Creating a haven for critically endangered western ringtail possums

By Jennifer McMillan 11 October 2023

Australia has the highest number of possum species in the world, each with its own enchanting qualities. There’s the honey possum that delicately delves into flowers with its brush-tipped tongue in search of a sweet treat. And the elusive mahogany glider that disappeared from the scientific radar for 100 years, only to be rediscovered in 1989. Each species possesses unique characteristics and adaptations, but what unifies all possums is their shared reliance on trees.

Protecting habitat is critical to the survival of these iconic Australian animals. Even more so in Western Australia, where mammal extinction rates are among the highest in the world. One species facing serious threat is the ngwayir, or western ringtail possum, whose population has plummeted by 80 per cent over the last 15 years. Ngwayir is the Aboriginal name for this shy relative of the common brushtail possum that is rarely seen on the ground.

Western ringtails are one of 100 threatened species prioritised for protection by the federal government under the Threatened Species Action Plan 2022-2032. They are also on the International Union for Conservation of Nature’s critically endangered list – a classification given to species that face an extremely high risk of extinction. At present, estimates put the figure of adult possums left in the wild at less than 8,000.

Western ringtails are endemic to the southwest corner of Western Australia, where community members are fighting to keep them safe. GeoCatch, a not-for-profit in the Geographe Bay Catchment area, is leading a volunteer effort to protect possum habitat through education and tree planting. This year marked the group’s fourth consecutive National Tree Day event, with 1,000 native seedlings planted with support from Planet Ark’s Seedling Bank.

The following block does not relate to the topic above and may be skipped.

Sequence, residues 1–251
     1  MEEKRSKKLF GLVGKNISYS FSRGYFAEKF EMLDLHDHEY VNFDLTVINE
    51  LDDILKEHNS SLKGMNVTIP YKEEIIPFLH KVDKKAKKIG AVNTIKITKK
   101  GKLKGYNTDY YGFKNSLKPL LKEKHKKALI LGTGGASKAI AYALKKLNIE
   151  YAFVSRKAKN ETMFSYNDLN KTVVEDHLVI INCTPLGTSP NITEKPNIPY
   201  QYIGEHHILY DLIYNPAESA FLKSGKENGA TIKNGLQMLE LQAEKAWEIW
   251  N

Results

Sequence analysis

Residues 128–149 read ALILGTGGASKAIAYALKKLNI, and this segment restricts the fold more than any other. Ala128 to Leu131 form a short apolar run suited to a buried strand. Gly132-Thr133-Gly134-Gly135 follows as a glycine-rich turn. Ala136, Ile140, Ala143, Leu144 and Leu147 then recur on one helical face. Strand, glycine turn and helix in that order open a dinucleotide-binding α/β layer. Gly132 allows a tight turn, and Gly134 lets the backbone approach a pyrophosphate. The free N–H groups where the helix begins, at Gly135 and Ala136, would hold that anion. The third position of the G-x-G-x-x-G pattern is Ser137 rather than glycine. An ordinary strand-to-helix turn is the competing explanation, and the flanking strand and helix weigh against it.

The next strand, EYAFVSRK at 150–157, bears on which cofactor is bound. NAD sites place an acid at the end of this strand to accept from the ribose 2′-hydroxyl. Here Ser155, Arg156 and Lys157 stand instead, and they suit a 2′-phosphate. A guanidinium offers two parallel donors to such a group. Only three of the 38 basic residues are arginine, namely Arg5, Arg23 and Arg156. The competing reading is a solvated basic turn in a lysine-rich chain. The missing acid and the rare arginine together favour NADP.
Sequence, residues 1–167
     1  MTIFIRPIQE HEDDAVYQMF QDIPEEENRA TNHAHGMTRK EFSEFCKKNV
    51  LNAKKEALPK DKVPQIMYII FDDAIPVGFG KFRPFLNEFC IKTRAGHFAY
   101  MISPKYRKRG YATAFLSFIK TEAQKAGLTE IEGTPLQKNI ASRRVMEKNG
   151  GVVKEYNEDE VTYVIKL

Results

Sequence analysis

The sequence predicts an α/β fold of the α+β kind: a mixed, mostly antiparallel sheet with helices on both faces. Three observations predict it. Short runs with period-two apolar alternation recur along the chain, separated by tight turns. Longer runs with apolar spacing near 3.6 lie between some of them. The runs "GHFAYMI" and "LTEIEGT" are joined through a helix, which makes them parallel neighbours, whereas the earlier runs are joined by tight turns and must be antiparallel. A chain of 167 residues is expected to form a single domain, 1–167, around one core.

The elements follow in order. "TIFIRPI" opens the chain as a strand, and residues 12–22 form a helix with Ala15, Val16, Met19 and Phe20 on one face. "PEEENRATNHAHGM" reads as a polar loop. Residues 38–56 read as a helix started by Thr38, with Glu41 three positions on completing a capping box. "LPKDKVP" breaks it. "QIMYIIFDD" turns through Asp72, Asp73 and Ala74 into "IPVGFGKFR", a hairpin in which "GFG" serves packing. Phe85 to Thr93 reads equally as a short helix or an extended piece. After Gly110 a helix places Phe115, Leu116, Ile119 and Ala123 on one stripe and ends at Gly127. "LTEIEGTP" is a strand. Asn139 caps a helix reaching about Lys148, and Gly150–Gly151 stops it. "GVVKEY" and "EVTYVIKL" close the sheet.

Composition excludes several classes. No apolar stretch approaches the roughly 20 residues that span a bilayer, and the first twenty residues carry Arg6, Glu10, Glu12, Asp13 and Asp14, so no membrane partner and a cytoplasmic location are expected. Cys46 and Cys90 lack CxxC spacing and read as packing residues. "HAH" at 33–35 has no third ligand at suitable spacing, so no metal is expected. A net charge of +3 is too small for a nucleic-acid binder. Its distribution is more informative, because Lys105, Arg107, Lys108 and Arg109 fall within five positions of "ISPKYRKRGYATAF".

A major threat to western ringtails is the loss of large, mature trees that keep them high above the ground. As the trees diminish, possums are forced to make their way to the ground more frequently, leaving them vulnerable to predators. Each year, as many as 200 western ringtails end up in the homes of wildlife carers due to loss of habitat or injury.

The towns of Busselton and Dunsborough on the banks of Geographe Bay serve as a crucial stronghold for one of the last remaining populations of these endangered critters. Through habitat creation and possum-aware behavior – such as planting possum-friendly gardens, installing possum boxes and keeping domestic pets inside at night – the GeoCatch community hopes to bring western ringtails back from the brink of extinction.

Recent research adds even more urgency to their mission. The latest predictions estimate western ringtails will become extinct within the next 20 years if immediate action isn’t taken to safeguard their populations and habitat.

This year, GeoCatch volunteers planted infill canopy trees (Agonis flexuosa) as a food source for western ringtails. These trees also provide materials that possums can use to build their homes. If tree hollows aren’t available, western ringtails rest in self-made spherical nests known as ‘dreys’. These cosy beds are made from grass, bark and other plant material loosely woven together by possums.

The group also planted native understory species (Lepidosperma gladiatum) to provide safe passage between trees and protect possums from the heat. Local western ringtails can rest easy in this new safe haven thanks to the work of this dedicated community group.

This story is part of this year's Tree Talk: Stories from Planet Ark's Seedling Bank.

Jennifer McMillan
Jen worked as a vet nurse while studying environmental science and completing her master's degree in Journalism. She loves bushwalking, storytelling, caring for baby animals, Australian birds and river red gums. Jen works on the National Tree Day campaign and Planet Ark's Seedling Bank.